Most of us will be familiar with the sort of stress that leads to sleepless nights. In new research on mice, scientists have now identified the brain circuit involved in such experiences; moreover, this part of the brain also seems to be linked to a stress-induced weakening of the immune system.

Immunity, stress, and sleep could all be connected by this same circuit of neurons, researchers say, though so far the connection has only been discovered in mice. If this link is also present in humans, treatments could be developed to target it.

"This sort of stress-induced insomnia is well known among anybody that's tried to get to sleep with a looming deadline or something the next day," says neuroscientist Jeremy Borniger, from Cold Spring Harbor Laboratory (CSHL) in New York.

"And in the clinical world, it's been known for a long time that chronically stressed patients typically do worse on a variety of different treatments and across a variety of different diseases."

The stress hormone cortisol is thought to be responsible for disrupting sleep and damaging the body's immune system. The first discovery in this research was a link between a group of cortisol-releasing neurons sensitive to stress, and a group of neurons associated with insomnia.

When the link was blocked by the researchers, mice were able sleep peacefully even after a stressful experience. On the flip side, stimulating the stress-sensitive neurons was enough to bring the animals out of their slumber.

"It seems like it's a pretty sensitive switch, in that even very weak stimulation of the circuit can drive insomnia," says Borniger.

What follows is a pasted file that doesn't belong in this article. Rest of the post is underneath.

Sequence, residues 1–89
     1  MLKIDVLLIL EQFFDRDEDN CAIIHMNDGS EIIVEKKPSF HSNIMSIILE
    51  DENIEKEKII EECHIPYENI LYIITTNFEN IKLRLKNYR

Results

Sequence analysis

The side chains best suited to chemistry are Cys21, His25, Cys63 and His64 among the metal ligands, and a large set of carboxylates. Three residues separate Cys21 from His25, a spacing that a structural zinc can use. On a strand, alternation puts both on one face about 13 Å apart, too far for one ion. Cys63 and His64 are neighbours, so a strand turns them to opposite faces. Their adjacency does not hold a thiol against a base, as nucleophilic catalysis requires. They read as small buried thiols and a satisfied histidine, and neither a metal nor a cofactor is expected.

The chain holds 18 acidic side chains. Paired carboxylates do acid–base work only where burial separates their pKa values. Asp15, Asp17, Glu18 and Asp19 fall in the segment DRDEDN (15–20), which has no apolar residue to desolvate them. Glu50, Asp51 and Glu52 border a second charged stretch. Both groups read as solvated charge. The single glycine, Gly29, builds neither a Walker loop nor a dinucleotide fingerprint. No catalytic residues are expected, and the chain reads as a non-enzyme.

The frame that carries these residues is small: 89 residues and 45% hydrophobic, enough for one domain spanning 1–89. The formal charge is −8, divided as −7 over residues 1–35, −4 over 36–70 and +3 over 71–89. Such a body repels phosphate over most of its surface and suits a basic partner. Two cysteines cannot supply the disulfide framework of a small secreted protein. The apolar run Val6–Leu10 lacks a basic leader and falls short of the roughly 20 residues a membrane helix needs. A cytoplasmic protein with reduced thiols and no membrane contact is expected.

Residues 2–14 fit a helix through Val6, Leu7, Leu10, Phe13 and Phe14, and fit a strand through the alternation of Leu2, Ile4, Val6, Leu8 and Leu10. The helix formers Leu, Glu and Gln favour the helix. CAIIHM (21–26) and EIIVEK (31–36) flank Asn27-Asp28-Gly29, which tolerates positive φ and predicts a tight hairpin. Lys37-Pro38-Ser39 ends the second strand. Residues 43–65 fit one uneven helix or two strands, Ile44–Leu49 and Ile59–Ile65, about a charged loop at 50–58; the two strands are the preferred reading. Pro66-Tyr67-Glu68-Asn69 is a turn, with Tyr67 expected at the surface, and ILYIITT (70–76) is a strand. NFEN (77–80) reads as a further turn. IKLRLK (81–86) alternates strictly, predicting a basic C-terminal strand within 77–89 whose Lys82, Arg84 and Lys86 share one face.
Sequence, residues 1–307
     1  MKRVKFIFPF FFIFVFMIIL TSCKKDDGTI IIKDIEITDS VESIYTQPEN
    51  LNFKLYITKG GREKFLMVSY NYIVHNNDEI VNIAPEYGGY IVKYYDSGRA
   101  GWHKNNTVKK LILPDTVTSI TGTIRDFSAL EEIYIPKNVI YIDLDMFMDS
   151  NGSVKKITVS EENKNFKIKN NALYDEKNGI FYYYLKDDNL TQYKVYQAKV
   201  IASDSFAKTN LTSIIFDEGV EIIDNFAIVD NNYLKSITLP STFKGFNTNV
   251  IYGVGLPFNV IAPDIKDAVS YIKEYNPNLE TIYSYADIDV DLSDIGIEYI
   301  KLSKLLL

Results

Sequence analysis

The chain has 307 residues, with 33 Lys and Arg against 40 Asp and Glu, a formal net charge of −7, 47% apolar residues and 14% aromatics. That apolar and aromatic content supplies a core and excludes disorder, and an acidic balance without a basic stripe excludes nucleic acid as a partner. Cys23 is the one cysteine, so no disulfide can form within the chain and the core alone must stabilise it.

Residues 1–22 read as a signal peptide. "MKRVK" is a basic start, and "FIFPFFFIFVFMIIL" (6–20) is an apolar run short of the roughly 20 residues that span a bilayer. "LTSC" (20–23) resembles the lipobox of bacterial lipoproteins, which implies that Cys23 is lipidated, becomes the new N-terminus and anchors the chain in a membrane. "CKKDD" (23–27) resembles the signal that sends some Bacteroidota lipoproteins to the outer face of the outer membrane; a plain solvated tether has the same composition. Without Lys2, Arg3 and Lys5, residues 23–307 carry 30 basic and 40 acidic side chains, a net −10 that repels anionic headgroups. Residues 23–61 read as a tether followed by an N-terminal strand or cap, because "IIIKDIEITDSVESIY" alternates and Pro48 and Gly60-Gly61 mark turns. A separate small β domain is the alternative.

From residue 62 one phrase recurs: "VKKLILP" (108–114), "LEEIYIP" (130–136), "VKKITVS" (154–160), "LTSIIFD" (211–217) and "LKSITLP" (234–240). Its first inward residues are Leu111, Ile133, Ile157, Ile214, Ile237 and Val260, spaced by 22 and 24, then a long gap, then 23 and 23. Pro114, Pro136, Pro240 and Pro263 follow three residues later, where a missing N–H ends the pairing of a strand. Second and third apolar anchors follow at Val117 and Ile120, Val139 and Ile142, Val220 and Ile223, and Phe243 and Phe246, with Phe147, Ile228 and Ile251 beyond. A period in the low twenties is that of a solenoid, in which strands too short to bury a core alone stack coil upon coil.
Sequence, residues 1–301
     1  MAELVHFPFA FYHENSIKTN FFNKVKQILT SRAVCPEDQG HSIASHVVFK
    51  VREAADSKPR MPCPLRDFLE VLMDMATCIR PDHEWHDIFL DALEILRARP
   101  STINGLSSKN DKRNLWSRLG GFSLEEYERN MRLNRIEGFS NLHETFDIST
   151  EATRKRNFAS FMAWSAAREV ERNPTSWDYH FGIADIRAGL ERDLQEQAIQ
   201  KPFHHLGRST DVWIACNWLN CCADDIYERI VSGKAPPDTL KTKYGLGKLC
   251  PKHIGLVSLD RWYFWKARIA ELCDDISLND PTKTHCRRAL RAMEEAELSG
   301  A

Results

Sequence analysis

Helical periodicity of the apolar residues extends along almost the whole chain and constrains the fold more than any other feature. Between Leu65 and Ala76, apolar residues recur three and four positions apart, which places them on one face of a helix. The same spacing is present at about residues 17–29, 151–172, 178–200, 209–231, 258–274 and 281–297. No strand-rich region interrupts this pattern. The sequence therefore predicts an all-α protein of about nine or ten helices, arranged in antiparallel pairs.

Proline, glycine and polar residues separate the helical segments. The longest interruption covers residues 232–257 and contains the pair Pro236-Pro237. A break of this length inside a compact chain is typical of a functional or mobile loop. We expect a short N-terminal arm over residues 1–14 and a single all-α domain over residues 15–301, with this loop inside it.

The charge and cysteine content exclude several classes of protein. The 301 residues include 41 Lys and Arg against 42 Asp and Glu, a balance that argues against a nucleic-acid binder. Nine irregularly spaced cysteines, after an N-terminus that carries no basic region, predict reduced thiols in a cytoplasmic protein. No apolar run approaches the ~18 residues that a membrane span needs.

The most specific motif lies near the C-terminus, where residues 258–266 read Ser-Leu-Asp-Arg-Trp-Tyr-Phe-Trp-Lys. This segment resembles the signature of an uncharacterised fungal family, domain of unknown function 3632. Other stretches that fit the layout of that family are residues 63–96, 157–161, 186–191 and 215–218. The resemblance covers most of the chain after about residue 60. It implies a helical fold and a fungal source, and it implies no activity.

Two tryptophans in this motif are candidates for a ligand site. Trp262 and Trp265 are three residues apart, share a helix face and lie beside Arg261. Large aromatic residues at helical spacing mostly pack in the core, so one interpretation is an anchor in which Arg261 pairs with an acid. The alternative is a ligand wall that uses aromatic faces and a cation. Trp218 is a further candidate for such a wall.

Borniger and his colleagues were then able to establish that stimulating this part of the brain was also producing a biological reaction that looked a lot like the standard immune response to stress.

Messing with this circuit also disrupted the way cortisol is released from the brain, leading to changing levels of immune cells and a breakdown in signalling between them. It looks as though the same group of stress-related neurons drive the consequences for both sleep and immunity.

Systemic inflammation – where the body's defences mistakenly go into overdrive when they don't need to – is associated with a variety of diseases and health problems, from cancer to inflammatory bowel disease and psoriasis. This new discovery might one day give us another way to fight it.

"If we can understand and manipulate the immune system using the natural circuitry in the body rather than using a drug that hits certain targets in the system, I think that would be much more effective in the long run," says Borniger.

The research has been published in Science Advances.